5. A downhole tool as claimed in claim 1 wherein the stabiliser blades are arranged in a helical pattern around the sleeve.
6. A downhole tool as claimed in claim 1 wherein the tool includes a triangular flow-by groove, between adjacent stabiliser blades.
7. A downhole tool as claimed in claim 1 wherein each stabiliser blade has a central portion including a surface parallel to the axial throughbore, on which are arranged the one or more jetting ports.
8. A downhole tool as claimed in claim 1 wherein the blades include a milling surface.
9. A downhole tool as claimed in claim 1 wherein one or more of the jetting ports include a nozzle, located below an outer surface of the blade.
10. A downhole tool as claimed in claim 1 wherein the one or more actuating means selectively direct fluid from the axial throughbore to the channel.
11. A downhole tool for use in a well bore, the tool comprising:
a tubular body having an axial throughbore and adapted for connection within a work string;
a sleeve mounted around the body, the sleeve including one or more stabiliser blades, said stabiliser blades including one or more jetting ports to direct fluid from the axial throughbore onto a surface of the well bore; and
one or more actuating means to selectively direct the fluid through the jetting ports and thereby circulate the fluid;
and wherein the sleeve is threaded onto the body by a left-hand screw thread.
US10/509,714 2002-04-05 2003-04-03 Stabiliser, jetting and circulating tool Expired - Lifetime US7383881B2 (en)

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GBGB0207851.7A GB0207851D0 (en) 2002-04-05 2002-04-05 Stabiliser jetting and circulating tool
GB0207851.7 2002-04-05
PCT/GB2003/001432 WO2003087526A1 (en) 2002-04-05 2003-04-03 Stabiliser, jetting and circulating tool

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US7383881B2 true US7383881B2 (en) 2008-06-10

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US20110284233A1 (en) * 2010-05-21 2011-11-24 Smith International, Inc. Hydraulic Actuation of a Downhole Tool Assembly
US9447663B1 (en) * 2010-08-03 2016-09-20 Thru Tubing Solutions, Inc. Abrasive perforator with fluid bypass
US8464812B2 (en) * 2010-10-04 2013-06-18 Baker Hughes Incorporated Remotely controlled apparatus for downhole applications and related methods
US20120080231A1 (en) * 2010-10-04 2012-04-05 Baker Hughes Incorporated Remotely controlled apparatus for downhole applications and related methods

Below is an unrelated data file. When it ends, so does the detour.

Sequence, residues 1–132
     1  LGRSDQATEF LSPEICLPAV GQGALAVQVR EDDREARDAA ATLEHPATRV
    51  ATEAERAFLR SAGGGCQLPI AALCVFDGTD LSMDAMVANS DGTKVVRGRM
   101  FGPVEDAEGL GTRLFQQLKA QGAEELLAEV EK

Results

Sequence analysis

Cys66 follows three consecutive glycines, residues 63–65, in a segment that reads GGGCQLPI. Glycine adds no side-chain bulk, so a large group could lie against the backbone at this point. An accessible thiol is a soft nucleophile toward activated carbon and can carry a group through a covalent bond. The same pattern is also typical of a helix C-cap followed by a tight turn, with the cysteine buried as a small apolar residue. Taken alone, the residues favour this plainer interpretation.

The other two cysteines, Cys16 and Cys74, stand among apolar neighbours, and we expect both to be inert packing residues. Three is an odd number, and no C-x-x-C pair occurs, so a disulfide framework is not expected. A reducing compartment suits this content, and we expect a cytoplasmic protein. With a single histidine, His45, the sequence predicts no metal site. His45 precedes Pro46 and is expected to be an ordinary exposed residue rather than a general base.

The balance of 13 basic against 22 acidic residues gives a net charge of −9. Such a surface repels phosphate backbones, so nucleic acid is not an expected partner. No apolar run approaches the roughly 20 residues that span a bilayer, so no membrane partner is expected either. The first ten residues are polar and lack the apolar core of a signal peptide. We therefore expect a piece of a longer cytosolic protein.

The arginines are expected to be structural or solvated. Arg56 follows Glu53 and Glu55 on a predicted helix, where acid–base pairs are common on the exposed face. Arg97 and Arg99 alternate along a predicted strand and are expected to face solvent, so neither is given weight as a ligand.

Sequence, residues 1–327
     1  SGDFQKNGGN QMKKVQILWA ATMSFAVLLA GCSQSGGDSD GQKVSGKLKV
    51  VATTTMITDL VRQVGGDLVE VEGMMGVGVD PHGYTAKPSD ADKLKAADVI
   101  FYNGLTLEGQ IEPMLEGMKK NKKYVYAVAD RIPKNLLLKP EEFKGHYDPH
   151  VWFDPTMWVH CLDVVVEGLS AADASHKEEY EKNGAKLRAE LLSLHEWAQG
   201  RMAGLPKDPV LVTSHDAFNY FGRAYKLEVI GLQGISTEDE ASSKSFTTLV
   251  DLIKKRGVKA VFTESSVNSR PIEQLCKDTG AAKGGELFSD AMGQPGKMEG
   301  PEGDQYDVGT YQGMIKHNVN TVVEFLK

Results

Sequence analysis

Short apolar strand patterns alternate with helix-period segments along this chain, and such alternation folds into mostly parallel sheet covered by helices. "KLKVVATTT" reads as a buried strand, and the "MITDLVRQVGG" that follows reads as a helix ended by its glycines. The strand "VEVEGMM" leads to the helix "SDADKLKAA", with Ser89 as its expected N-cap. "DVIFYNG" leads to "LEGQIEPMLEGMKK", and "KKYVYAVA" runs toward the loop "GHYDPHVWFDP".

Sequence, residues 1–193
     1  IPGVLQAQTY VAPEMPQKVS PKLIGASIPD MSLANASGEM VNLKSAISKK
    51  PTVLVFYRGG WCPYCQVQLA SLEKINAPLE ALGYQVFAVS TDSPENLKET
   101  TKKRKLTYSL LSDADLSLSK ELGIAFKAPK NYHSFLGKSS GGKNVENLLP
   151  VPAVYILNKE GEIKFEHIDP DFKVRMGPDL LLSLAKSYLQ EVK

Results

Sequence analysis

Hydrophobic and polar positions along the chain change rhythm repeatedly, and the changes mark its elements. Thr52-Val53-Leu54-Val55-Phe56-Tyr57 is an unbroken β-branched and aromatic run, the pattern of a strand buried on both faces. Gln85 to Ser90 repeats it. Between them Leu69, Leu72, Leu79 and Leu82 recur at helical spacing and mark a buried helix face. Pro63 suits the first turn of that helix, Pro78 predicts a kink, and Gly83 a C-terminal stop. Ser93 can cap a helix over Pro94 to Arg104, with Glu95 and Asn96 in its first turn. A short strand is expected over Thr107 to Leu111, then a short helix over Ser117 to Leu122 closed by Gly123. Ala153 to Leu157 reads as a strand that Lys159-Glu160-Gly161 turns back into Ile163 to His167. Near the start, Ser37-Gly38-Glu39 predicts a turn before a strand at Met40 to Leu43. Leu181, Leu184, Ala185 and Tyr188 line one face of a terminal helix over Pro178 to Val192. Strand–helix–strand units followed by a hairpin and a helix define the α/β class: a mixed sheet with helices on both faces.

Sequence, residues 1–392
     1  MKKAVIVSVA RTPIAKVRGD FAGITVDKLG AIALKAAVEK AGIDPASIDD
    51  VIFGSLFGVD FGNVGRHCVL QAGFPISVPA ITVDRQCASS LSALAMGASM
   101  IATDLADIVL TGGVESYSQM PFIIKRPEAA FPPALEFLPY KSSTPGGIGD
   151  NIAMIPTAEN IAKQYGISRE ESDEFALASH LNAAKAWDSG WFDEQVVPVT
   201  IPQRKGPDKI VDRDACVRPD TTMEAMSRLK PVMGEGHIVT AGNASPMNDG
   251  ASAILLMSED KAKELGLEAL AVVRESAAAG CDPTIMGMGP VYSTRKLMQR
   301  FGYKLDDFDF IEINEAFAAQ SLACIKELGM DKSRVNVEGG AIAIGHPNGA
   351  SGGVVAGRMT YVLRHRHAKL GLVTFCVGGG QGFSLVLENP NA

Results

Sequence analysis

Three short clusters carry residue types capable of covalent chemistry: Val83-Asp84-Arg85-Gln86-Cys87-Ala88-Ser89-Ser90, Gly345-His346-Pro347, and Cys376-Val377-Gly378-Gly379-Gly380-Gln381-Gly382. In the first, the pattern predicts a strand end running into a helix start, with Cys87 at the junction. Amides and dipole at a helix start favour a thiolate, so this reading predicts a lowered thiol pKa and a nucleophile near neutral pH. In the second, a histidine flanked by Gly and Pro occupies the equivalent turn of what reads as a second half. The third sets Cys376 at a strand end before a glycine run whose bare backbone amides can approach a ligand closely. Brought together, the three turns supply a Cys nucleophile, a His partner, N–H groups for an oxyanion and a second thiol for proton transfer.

US9382769B2 (en) 2011-01-21 2016-07-05 Weatherford Technology Holdings, Llc Telemetry operated circulation sub
US20120199353A1 (en) * 2011-02-07 2012-08-09 Brent Daniel Fermaniuk Wellbore injection system
US8225859B1 (en) 2011-03-04 2012-07-24 Baker Hughes Incorporated Debris cleanup tool with flow reconfiguration feature
US20140069648A1 (en) * 2012-04-30 2014-03-13 TD Tolls, Inc. Apparatus and method for isolating flow in a downhole tool assembly
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US9328579B2 (en) 2012-07-13 2016-05-03 Weatherford Technology Holdings, Llc Multi-cycle circulating tool
AU2014205204B2 (en) * 2013-01-11 2017-07-20 Weatherford Technology Holdings, Llc Jetting tool
US20160290067A1 (en) * 2015-04-01 2016-10-06 Nov Downhole Eurasia Limited Component of bottom hole assembly having upwardly-directed fluid cleaning flow and methods of using same
US20180252078A1 (en) * 2017-03-01 2018-09-06 Thru Tubing Solutions, Inc. Abrasive perforator with fluid bypass
US10677024B2 (en) 2017-03-01 2020-06-09 Thru Tubing Solutions, Inc. Abrasive perforator with fluid bypass
US20240044224A1 (en) * 2022-08-08 2024-02-08 Saudi Arabian Oil Company Downhole clean out tool

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GB2403249B (en) 2005-07-13
WO2003087526A1 (en) 2003-10-23
US20060219441A1 (en) 2006-10-05
AU2003222956A1 (en) 2003-10-27
GB0421718D0 (en) 2004-11-03
GB0207851D0 (en) 2002-05-15
GB2403249A (en) 2004-12-29